A Brief History of Punxsutawney Phil
For the last 133 years, people in the US and Canada have been ignoring the forecast on February 2nd and instead using a rodent to predict the weather. That rodent happens to be a groundhog named Punxsutawney Phil. With Groundhog Day 2020 coming up, let’s brush up on our groundhog facts!
Punxsutawney Phil after making his weather prediction. Photo by Alessandro M.
Groundhogs in Their Natural Habitat
Groundhogs are known to hibernate for the winter so when they decide to come out of their burrow, it tends to be a natural sign of Spring.
The burrows this creature makes have impacts beyond protecting the individual groundhog. When a groundhog digs its multi-chambered burrow, it moves nearly 700 pounds of dirt and rocks which mixes the different soil layers. Burrows can measure 65-feet long and have plenty of room to shelter other creatures while the groundhog sleeps away the winter.
Groundhogs are mostly solitary animals and prefer to be alone. That means there are far more burrows than we realize, and each burrow only has one groundhog in it.
The Groundhog Day celebration in Punxsutawney, Pennsylvania. Photo by Jason Cohn
The History of Groundhog Day
Germans who migrated to Pennsylvania during the 1800s brought a European tradition of watching hedgehogs on Candlemas Day, February 2nd. Hedgehogs hibernate, just like groundhogs, and people would watch how they behaved during a brief break in their slumber to predict spring’s arrival. Because there were no hedgehogs in Pennsylvania, but groundhogs were so abundant, they became the North American harbinger of spring.
In the late 1800s a group of friends went into the woods of Punxsutawney, Pennsylvania to look for groundhogs, beginning a local tradition that has grown over time to become an annual celebration. People travel from all over to learn in person whether Punxsutawney Phil will see his shadow and predict six more weeks of winter, or whether there will be an early spring.
Punxsutawney Phil’s Fame
Punxsutawney Phil now lives in a climate-controlled habitat that connects to the Punxsutawney Library where he is a local celebrity. Phil gained national fame in 1993 when the movie Groundhog Day came out. Phil’s weather predictions are even recorded in the Congressional Records of our National Archive! He’s known to have seen his shadow 85% of the time, meaning we receive 6 more weeks of Winter. Do you think Punxsutawney Phil will see his shadow this Groundhog Day?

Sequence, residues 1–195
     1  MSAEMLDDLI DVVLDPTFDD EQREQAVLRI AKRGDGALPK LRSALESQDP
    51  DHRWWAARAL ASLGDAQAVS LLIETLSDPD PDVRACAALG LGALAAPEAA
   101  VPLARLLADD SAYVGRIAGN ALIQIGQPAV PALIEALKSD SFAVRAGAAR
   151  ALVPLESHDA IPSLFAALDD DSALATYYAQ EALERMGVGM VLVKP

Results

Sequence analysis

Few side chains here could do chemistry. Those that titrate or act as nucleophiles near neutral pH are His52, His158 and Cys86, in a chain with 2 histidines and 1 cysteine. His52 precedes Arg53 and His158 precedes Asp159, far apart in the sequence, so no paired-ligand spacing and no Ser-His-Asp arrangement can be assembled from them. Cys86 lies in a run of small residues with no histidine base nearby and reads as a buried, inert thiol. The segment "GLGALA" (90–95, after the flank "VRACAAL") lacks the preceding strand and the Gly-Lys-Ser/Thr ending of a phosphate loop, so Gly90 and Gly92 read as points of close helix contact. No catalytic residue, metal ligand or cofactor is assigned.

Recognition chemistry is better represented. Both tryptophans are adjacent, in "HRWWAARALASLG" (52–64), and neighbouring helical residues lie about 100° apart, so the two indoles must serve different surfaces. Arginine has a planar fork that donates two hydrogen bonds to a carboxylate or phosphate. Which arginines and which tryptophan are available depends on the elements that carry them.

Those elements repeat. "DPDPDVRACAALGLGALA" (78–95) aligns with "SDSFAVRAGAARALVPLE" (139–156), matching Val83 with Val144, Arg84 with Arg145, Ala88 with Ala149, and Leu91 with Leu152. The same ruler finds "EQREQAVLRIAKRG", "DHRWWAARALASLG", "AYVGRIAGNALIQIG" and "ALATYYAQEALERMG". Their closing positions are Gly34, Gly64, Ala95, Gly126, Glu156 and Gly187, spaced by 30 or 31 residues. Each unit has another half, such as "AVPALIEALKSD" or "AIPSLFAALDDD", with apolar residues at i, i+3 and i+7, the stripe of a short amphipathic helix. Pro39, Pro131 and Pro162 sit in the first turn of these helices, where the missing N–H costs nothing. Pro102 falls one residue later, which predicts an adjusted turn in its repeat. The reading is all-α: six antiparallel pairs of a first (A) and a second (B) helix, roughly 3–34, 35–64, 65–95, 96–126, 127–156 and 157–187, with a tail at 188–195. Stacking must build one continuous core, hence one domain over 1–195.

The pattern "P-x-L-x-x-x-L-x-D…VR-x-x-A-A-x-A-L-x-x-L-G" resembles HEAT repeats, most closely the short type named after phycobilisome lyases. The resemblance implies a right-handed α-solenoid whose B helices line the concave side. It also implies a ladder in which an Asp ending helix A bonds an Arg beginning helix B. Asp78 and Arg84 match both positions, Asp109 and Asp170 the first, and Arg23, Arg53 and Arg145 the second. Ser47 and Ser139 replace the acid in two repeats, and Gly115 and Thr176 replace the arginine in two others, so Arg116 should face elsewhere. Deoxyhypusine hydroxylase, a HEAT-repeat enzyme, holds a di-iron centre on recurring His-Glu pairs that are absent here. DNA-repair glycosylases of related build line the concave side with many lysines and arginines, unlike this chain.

Make A Human Sundial
Since Groundhog Day is all about shadows, let’s learn how shadows are made and how they’re influenced by the earth’s rotation. By creating a human sundial, you’ll be able to track your shadow throughout the day and see how the sun changes it.
What You’ll Need
• An open space with nothing creating shadows. We recommend a driveway or parking lot.
• Sidewalk Chalk
• A Camera
• A journal to record your observations
This activity works best on a sunny day with no clouds or rain. Wait for a nice day then find an open area with cement or asphalt where the sun shines throughout the day.
Place an X on the ground where you will stand each time your shadow is being traced. Have your parent or a friend trace your shadow. After they finish tracing, have them take a photo. Make sure to record the time you traced your shadow in your journal. Do this 3-5 times throughout the day.
Observe the different outlines of your shadow and how they correspond with the time of day they were traced. What differences do you see in your shadows based on the time of day? What direction did your shadow move? At what time of day was your shadow the longest and the shortest?
Phil’s full name is Punxsutawney Phil, Seer of Seers, Sage of Sages, Prognosticator of Prognosticators and Weather Prophet Extraordinary.
Blog post by Megan Jones.